The Girl Who Cried War
Author: coritherien

Chapter 12
Free

May 8th, 2008

“Bucko, what are you thinking about?”

Mahogany hair draped across her face, the sun glinted in her eye.  Her face was now haunting my every conscious, and unconscious, thought.  But, much like my own, her identity was a mystery me.

“Nothing.”

Out of the corner of my eye, I saw Billy grinning mischievously.

“It’s that girl again, ain’t it?”

I rolled my eyes, but he knew.

“I get it, Bucko; she’s your only memory.  Makes sense that you’re clinging to it.”

I rolled on my side to face him.  “Does it, though?”

He cocked a questioning eyebrow.

“I mean, I don’t remember my name.  I don’t recognize my own face, but hers I can’t get out of my head!  What does that mean?”  I let my head roll back until it hit the pillow.

“She must be really important to you,” he said softly.  He really was more emotionally aware than I gave him credit for.

I stared at the ceiling for a long time after that, and Billy let me be.  I’d almost succumbed to yet another nap when I felt my shoulder being jostled purposefully.

I wrenched my eyes open, alarmed, and found a pair of calculating hazel ones not a foot from my face. 

“Erm…yes?” I stuttered.  This was the first time someone other than Billy had tried speaking to me.

A young doctor stood by my bedside, donning white like they always did.  He had a worn, overused stethoscope dangling tiredly from his neck and the buttons on his lab coat were quickly wearing out.  Otherwise, though, the doctor appeared to be immaculately put together.  His dark brown hair, with a touch of curl in it, was cropped fairly short and brushed to lie flat on his head.  His nails were trimmed evenly, and there wasn’t a callous to be found on his large hands. 

“Out,” was all he said.  His accent was heavy.

I glanced at Billy, who just shrugged, as confused as I was.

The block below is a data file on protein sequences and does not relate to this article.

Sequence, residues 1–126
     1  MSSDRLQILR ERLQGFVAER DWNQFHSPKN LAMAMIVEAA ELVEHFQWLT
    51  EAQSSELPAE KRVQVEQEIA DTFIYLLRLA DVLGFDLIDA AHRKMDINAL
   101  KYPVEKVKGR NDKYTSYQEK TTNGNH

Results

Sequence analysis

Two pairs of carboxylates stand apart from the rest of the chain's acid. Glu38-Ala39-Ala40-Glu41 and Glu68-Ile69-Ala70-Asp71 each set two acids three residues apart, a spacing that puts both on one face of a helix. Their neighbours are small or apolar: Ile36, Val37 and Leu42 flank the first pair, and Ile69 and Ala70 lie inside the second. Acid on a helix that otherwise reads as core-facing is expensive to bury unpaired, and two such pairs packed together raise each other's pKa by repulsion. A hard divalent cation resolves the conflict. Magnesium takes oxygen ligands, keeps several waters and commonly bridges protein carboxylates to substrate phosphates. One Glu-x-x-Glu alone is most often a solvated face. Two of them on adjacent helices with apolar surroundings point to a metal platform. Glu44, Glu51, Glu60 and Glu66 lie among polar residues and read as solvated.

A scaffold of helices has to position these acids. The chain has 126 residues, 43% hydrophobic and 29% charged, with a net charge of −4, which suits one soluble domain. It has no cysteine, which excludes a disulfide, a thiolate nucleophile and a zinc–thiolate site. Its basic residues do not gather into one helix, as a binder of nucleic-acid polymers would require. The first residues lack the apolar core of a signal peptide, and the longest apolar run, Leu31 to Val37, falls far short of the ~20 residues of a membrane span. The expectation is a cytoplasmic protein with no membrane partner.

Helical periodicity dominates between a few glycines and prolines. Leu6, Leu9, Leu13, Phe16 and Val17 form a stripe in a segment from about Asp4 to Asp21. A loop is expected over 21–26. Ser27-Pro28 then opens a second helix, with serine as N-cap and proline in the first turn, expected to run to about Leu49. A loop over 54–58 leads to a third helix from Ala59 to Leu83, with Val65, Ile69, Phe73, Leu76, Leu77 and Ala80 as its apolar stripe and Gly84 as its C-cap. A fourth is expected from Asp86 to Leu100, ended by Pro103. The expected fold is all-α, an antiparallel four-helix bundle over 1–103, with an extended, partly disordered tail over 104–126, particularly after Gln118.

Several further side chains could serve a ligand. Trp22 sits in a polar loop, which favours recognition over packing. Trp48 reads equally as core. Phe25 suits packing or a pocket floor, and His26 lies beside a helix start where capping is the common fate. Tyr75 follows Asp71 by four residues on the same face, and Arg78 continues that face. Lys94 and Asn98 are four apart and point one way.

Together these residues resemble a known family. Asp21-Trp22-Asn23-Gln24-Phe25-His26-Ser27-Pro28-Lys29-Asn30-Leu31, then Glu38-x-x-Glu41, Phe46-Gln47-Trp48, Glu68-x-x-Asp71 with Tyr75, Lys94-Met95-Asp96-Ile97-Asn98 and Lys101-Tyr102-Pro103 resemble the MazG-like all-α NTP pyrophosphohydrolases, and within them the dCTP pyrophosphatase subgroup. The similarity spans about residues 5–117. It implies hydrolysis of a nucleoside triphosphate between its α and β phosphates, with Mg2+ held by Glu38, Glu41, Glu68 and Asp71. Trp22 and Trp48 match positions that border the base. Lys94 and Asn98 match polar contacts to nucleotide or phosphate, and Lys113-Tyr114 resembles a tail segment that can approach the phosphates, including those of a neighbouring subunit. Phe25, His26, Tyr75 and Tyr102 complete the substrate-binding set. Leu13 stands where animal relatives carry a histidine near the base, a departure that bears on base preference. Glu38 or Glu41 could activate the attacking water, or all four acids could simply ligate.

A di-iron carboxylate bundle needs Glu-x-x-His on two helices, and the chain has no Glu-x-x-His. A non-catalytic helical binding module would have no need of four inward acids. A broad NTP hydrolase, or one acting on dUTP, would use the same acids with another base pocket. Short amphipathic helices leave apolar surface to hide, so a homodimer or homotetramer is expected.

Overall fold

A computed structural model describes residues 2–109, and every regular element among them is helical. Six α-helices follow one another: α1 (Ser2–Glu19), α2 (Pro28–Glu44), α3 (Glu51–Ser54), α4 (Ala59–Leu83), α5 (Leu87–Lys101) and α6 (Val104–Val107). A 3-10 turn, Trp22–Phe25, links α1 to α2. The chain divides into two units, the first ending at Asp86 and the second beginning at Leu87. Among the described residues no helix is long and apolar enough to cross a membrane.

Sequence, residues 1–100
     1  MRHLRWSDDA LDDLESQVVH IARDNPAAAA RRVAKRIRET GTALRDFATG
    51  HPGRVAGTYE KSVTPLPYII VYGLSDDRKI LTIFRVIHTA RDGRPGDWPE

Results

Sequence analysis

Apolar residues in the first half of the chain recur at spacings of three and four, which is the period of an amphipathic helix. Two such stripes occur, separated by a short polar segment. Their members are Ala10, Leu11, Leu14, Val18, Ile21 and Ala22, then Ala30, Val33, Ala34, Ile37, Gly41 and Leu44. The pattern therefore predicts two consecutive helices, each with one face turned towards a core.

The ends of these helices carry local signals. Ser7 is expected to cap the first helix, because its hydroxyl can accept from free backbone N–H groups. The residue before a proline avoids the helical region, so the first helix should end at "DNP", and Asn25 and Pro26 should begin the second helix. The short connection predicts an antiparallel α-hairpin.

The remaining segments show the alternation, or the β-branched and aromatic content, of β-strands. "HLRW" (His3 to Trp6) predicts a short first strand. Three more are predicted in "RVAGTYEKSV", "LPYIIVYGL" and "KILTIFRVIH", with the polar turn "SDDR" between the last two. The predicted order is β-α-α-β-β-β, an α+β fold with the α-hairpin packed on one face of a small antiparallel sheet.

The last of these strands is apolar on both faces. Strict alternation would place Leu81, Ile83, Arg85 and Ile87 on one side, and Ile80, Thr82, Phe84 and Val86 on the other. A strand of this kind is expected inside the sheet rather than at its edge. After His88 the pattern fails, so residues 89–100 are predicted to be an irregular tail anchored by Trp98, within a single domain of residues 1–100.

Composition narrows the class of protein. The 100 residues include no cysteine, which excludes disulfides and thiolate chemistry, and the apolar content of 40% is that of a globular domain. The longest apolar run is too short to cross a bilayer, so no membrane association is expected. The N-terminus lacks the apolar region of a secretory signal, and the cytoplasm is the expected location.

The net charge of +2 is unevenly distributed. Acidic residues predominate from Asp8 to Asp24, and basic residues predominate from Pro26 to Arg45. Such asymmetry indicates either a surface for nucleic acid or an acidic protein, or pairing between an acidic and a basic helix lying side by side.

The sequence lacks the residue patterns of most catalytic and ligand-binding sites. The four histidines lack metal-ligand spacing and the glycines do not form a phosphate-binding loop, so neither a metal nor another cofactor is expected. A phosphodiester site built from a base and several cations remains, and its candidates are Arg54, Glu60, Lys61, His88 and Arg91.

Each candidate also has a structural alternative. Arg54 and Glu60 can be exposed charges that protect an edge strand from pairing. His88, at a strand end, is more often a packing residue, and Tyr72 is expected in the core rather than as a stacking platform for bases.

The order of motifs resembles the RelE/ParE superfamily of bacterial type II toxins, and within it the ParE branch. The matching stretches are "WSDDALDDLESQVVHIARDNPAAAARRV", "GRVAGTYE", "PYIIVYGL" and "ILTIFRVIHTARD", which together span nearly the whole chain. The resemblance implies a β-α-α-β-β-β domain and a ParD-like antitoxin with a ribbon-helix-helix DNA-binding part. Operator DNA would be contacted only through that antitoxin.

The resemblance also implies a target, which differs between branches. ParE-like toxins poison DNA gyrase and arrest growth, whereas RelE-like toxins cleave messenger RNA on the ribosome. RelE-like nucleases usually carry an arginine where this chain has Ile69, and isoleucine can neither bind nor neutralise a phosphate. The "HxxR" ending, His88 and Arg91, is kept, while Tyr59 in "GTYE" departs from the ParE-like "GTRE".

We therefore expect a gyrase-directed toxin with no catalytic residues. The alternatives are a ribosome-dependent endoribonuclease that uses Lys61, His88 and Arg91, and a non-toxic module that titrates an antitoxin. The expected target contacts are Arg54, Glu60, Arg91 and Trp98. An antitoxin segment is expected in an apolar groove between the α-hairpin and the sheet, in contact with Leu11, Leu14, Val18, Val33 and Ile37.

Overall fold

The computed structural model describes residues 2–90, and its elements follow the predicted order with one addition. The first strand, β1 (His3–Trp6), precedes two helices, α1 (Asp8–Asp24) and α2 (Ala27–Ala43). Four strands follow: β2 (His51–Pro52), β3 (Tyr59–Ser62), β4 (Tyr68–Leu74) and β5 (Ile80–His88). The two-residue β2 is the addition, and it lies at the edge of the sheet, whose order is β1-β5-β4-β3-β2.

“I’m sorry, I…what?”

The doctor looked uneasy, maybe even wary of me.  “I sorry,” he said slowly, his English broken.  “We need the sareer, the bed.  No space left.  You healthy now, you free to go.”

I understood now.  The poor doctor looked so frightened of me that I didn’t want to argue with him.  But what could I do?  I had nowhere to go.

I nodded politely.  Relief flooded over the young man’s face as he handed me a set of what appeared to be white scrubs.  Apparently, he had been expecting a fight. 

“Shukran jazeelan,” he breathed, grinning.  “Thank you.” 

“Hey, doc,” Billy called.  “Can I go, too?”

This time, relief flooded over me.  The prospect of company was exceedingly comforting.

The doctor studied him for a moment.  “Let me have the makhaddah, please.”

Billy’s eyes glazed over, his lips parted slightly.

The doctor motioned at his pillow.  He propped Billy’s injured leg up on it and peeled back some of the bandaging.  His wound was bruised a deep purple now but had yellowed in healing.

The doctor pulled back.  “Can you walk khamsah, five paces?”

Billy scoffed.  “Well shucks, doc, I could run them!”  He hopped off his bed like a kid skipping down the stairs on Christmas morning and shuffled forward.  Quite pleased with himself, he lumbered back toward us.

The doctor nodded his approval.  “Na’am, yes, you go, too.”

Billy was nearly bouncing on his heels.  “Thanks, doc!”

The doctor bowed his head slightly as Billy and I gathered what little we had.

Maa’assalama,” he said.  “May you go in peace.”

 

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